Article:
Covid-19 is exposing holes in the government’s ability to plan for the futureby Jennifer Dixon / April 18, 2020 / Leave a comment
Plans are worthless but planning is everything, runs the well-worn quote from Dwight D Eisenhower. Covid-19 holds up a mirror to our ability to manage crises, be it by the government, public health authorities, the NHS and social care system or wider. The reflection is uncomfortable.
In the wake of Covid-19 there will be analysis of our response. How strong was emergency planning across the government? How resilient is the public health system, the NHS and social care? How strong was the information and analysis used to assess the extent and progress of the pandemic in real time—its damage to health and to the economy? What facts and cognitive biases influenced how fast we acted? How well placed were we to understand, direct and respond to public behaviour? How far was the government prepared for operating virtually with parliament shut down (and a PM in hospital), and was it able to make effective decisions?
“We were not quite prepared” was the honest admission by Sweden’s Prime Minister Stefan Löfven this Easter. Clearly the results for every country will be mixed, with much to learn. But such enquiry should look wider than the pandemic. It should include how we prepare for a range of possibilities in the future—fast and slow burn threats and opportunities, both known and unknown. Not just infrastructure and security, but also climate change, new technology, the impact of the internet on our mental health and the shape of democracy, and the effects of long-run structural changes in the economy. And how all these interlink.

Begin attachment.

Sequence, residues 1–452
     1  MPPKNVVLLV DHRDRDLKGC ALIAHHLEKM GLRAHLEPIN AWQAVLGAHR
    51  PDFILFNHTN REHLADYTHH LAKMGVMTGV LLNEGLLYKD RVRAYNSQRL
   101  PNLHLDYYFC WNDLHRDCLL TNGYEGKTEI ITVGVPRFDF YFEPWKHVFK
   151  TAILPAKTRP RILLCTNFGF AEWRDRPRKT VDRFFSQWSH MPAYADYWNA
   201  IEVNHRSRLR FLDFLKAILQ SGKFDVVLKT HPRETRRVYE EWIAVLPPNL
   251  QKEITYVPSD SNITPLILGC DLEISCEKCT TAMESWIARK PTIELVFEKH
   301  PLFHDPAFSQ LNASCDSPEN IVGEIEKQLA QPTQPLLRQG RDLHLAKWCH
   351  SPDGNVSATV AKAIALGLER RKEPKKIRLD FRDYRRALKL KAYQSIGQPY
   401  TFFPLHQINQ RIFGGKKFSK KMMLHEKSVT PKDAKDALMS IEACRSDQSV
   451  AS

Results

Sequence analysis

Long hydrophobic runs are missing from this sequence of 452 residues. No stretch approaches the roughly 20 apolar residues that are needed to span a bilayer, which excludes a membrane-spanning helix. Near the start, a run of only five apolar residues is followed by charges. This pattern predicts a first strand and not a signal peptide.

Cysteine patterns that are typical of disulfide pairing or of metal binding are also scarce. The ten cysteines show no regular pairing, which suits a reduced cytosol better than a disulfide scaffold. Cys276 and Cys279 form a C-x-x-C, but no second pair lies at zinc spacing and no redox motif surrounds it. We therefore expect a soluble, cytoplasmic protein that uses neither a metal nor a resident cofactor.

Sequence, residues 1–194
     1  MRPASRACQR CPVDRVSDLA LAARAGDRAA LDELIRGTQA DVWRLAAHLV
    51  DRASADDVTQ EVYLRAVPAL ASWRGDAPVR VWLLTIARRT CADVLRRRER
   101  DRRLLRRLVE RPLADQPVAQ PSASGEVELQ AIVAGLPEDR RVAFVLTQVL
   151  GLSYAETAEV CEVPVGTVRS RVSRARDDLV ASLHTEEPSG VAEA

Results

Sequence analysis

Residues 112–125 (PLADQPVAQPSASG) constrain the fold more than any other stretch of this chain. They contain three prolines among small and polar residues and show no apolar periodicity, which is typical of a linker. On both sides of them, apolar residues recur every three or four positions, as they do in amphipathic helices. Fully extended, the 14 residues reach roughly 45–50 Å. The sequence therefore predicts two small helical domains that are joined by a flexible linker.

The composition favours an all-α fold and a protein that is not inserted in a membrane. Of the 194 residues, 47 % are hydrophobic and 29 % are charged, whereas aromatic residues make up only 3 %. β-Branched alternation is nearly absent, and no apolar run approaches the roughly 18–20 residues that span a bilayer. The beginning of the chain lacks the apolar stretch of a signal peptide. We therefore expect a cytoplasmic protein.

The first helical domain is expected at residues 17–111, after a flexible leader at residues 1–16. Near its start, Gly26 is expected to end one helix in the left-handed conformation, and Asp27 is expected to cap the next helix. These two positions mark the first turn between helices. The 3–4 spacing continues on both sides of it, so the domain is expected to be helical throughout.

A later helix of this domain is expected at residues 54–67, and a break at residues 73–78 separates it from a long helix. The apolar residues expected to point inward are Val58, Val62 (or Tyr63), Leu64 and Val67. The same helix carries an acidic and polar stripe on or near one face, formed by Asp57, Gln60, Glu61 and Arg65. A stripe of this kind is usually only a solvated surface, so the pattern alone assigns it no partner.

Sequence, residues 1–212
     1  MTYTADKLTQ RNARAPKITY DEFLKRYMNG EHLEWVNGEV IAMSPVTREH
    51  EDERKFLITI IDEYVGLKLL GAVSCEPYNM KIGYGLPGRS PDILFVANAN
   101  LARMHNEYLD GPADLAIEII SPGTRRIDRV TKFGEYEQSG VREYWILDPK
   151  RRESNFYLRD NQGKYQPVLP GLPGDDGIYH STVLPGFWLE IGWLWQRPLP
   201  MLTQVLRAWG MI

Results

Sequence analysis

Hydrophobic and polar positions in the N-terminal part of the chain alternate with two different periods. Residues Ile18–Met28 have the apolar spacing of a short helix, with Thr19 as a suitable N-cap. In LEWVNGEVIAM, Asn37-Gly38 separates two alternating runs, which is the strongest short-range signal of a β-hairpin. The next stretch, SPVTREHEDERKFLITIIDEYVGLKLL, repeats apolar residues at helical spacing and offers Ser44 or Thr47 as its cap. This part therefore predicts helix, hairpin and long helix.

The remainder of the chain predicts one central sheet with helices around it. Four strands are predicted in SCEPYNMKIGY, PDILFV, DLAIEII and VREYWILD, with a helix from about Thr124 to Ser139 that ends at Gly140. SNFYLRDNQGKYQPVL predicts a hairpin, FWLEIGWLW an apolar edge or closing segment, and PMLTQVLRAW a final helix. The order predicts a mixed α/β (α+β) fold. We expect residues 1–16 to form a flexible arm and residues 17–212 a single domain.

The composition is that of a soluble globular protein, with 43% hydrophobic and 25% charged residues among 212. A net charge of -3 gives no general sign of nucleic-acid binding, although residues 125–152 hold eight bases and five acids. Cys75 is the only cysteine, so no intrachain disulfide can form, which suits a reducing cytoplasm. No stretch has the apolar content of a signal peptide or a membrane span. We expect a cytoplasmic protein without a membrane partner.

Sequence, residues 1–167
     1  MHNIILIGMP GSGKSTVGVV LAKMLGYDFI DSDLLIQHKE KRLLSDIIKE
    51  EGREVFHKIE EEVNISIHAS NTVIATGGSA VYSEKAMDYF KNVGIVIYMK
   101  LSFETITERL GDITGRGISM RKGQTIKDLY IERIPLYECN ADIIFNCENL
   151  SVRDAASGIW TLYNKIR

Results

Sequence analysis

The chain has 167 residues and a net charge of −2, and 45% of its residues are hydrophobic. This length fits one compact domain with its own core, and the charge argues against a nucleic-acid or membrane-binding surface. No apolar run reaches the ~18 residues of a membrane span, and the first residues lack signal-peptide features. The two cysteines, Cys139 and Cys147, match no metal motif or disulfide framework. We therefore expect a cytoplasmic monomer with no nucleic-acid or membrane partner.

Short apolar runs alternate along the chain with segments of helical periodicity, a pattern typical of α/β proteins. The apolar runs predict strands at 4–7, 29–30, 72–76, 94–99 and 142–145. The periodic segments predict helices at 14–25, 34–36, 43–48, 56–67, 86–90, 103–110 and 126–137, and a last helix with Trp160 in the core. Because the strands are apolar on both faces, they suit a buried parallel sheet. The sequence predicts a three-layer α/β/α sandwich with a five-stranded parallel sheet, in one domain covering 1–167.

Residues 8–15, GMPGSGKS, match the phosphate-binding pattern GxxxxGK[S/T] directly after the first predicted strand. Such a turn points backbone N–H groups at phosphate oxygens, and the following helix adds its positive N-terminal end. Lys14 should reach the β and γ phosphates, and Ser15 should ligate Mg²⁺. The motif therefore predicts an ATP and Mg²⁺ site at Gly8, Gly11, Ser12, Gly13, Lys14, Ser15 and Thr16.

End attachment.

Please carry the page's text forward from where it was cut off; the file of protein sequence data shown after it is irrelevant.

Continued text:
There are clues as to our current capacity to prepare. A 2015 report by the House of Commons Public Administration Committee “Leadership for the long term: Whitehall’s capacity to address future challenges” makes salutary reading. “There is no comprehensive understanding across government as a whole of the future risks and challenges facing the UK”; “The day-to-day too often crowds out preparation for the longer term and the unexpected. “There are isolated instances of systematic and imaginative analysis of trends, risks and possibilities around Whitehall.” And tellingly, “There is growing awareness of the need for co-ordination between horizon scanning and risk assessment, but not of the need for co-ordination between horizon scanning and public investment decisions.” Similar conclusions were made by predecessor parliamentary committees three, five and eight years…